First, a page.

Young women who have a minimally invasive treatment for uterine fibroids called embolization are more likely to have a recurrence than older women are, according to a new study report in Reuters Health.
Fibroids are very common, non-cancerous growths that form from muscle cells and other tissue in the wall of the uterus. It’s estimated that up to 80 percent of Black women will develop fibroids at some point by age 50.
Celebrate great health! LIKE BlackDoctor.org on Facebook!
In the new study, Italian researchers looked at long-term results from uterine artery embolization, in which tiny particles are injected into blood vessels leading to the uterus, cutting off the fibroids’ blood supply and shrinking them. Researchers found that out of 176 women treated with embolization, the “clinical failure” rate was 18 percent over seven years.
In other words, the fibroids grew back – typically after three years.
Women age 40 or younger were almost six times more likely to see their symptoms come back, versus women who underwent embolization after age 40.
Dr. Giovanna Tropeano and colleagues at Catholic University of the Sacred Heart in Rome report the findings in the journal Obstetrics & Gynecology.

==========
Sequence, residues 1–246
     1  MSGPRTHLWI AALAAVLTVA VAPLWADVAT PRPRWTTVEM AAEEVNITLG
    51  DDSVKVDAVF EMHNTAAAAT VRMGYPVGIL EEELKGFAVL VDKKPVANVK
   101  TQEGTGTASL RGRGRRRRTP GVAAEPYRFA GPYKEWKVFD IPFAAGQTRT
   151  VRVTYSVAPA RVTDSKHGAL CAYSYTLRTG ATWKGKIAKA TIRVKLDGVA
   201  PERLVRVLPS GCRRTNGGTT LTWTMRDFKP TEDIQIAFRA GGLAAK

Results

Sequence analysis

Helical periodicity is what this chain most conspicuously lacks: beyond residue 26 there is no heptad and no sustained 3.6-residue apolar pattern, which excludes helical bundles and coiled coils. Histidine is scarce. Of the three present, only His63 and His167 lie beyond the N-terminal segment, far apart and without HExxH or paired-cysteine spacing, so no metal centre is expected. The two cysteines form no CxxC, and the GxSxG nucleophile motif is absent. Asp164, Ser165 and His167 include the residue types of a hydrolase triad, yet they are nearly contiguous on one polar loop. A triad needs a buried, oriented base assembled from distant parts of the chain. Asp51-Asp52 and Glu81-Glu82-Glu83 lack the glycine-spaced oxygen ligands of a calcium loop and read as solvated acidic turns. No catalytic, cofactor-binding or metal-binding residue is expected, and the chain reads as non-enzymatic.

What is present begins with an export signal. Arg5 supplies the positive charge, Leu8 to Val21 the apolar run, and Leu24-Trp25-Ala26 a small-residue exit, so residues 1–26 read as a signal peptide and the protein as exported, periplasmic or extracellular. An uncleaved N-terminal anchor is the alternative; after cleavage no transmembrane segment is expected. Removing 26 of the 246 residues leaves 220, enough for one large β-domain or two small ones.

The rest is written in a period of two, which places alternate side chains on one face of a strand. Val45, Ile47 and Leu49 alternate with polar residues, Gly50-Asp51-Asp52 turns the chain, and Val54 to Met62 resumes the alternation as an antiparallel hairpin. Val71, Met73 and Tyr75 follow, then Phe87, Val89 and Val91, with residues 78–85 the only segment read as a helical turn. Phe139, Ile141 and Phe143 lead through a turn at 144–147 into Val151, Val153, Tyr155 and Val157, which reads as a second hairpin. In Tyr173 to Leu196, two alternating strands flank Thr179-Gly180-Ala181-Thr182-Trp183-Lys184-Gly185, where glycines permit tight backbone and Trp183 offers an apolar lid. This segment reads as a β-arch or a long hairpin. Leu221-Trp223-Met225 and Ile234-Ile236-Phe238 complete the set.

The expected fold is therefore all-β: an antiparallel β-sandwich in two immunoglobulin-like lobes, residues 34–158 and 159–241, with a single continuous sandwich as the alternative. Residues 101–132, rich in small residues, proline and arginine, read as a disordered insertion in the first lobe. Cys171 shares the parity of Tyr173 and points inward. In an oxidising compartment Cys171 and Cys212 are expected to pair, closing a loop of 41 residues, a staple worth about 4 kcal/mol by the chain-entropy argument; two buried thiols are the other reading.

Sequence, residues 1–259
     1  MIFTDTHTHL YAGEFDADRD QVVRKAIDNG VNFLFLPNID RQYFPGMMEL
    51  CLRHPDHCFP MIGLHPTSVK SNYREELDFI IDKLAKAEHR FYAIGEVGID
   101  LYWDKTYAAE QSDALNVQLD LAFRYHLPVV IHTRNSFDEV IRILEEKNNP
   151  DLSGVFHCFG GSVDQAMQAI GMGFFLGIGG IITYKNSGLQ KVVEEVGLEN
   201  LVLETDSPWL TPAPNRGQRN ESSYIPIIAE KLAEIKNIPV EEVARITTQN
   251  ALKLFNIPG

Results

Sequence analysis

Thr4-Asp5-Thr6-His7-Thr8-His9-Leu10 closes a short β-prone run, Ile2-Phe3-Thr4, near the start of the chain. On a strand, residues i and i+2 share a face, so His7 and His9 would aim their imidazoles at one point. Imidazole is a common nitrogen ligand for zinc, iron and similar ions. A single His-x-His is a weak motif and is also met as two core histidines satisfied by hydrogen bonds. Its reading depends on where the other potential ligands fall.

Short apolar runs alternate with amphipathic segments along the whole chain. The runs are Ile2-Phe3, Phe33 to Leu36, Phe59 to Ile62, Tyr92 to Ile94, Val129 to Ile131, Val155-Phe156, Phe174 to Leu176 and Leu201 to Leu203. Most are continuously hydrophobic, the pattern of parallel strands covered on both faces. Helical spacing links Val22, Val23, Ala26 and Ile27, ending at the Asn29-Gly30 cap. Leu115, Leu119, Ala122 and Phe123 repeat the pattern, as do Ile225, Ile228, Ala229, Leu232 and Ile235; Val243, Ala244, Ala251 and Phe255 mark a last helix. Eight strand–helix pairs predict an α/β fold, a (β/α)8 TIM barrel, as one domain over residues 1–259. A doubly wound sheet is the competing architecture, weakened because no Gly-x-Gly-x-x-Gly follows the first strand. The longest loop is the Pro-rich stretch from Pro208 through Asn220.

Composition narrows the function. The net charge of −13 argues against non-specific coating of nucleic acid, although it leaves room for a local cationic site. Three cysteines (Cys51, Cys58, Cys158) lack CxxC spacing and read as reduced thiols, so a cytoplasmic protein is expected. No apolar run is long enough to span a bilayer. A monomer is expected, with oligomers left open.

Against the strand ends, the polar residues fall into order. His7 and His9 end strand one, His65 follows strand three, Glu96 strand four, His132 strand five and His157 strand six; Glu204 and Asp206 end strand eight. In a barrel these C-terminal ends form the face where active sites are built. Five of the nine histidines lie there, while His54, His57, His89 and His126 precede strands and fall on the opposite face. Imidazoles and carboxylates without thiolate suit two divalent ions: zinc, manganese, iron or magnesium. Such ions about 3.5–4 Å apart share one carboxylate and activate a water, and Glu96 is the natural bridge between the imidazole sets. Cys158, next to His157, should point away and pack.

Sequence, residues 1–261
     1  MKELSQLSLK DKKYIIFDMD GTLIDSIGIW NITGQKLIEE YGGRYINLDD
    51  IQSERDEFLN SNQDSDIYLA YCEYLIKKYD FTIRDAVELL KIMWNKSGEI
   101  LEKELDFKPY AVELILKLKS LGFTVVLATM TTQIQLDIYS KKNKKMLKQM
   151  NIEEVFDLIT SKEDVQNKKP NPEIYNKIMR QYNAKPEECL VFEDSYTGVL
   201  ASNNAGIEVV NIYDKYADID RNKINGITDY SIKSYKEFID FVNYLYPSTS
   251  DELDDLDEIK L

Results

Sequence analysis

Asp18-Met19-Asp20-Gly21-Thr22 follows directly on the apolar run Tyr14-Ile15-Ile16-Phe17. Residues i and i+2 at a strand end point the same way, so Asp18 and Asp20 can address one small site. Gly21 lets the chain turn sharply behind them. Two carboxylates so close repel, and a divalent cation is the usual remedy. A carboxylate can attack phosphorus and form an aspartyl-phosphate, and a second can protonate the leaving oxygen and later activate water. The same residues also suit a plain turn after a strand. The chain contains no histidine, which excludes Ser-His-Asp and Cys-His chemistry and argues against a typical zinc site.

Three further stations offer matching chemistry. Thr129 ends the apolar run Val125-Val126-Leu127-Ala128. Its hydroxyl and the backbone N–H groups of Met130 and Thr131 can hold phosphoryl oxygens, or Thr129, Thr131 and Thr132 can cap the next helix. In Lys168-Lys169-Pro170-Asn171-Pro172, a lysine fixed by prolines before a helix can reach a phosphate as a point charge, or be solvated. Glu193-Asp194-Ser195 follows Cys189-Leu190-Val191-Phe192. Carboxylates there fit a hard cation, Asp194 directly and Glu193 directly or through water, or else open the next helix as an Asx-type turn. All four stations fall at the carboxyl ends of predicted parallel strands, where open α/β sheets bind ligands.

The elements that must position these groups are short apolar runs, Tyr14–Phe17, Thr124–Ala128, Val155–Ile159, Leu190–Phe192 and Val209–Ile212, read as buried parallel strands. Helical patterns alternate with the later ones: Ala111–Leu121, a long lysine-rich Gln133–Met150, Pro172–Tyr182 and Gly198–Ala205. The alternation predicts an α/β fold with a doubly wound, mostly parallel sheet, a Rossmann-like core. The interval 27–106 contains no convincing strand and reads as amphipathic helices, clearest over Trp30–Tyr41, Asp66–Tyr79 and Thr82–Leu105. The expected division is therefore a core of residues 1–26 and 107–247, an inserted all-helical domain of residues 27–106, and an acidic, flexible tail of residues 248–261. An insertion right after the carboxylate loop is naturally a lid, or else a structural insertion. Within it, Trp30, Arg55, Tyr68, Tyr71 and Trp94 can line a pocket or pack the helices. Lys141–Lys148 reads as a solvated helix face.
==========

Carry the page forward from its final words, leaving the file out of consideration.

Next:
It’s not surprising that younger women have more recurrences, according to Dr. James Spies, a professor of radiology at Georgetown University Medical Center in Washington, D.C., who was not involved in the study.
Women who have fibroids treated after age 40 are closer to menopause, when fibroids will usually shrink on their own. But younger women have a longer time period in which a recurrence can happen, Spies explained in an interview. On top of that, fibroids that arise at a young age and/or in Black women are typically more severe.
According to Spies, women who need fibroid treatment should talk with their doctor about all their treatment options. The “right” therapy, he said, will largely depend on where you are in your life.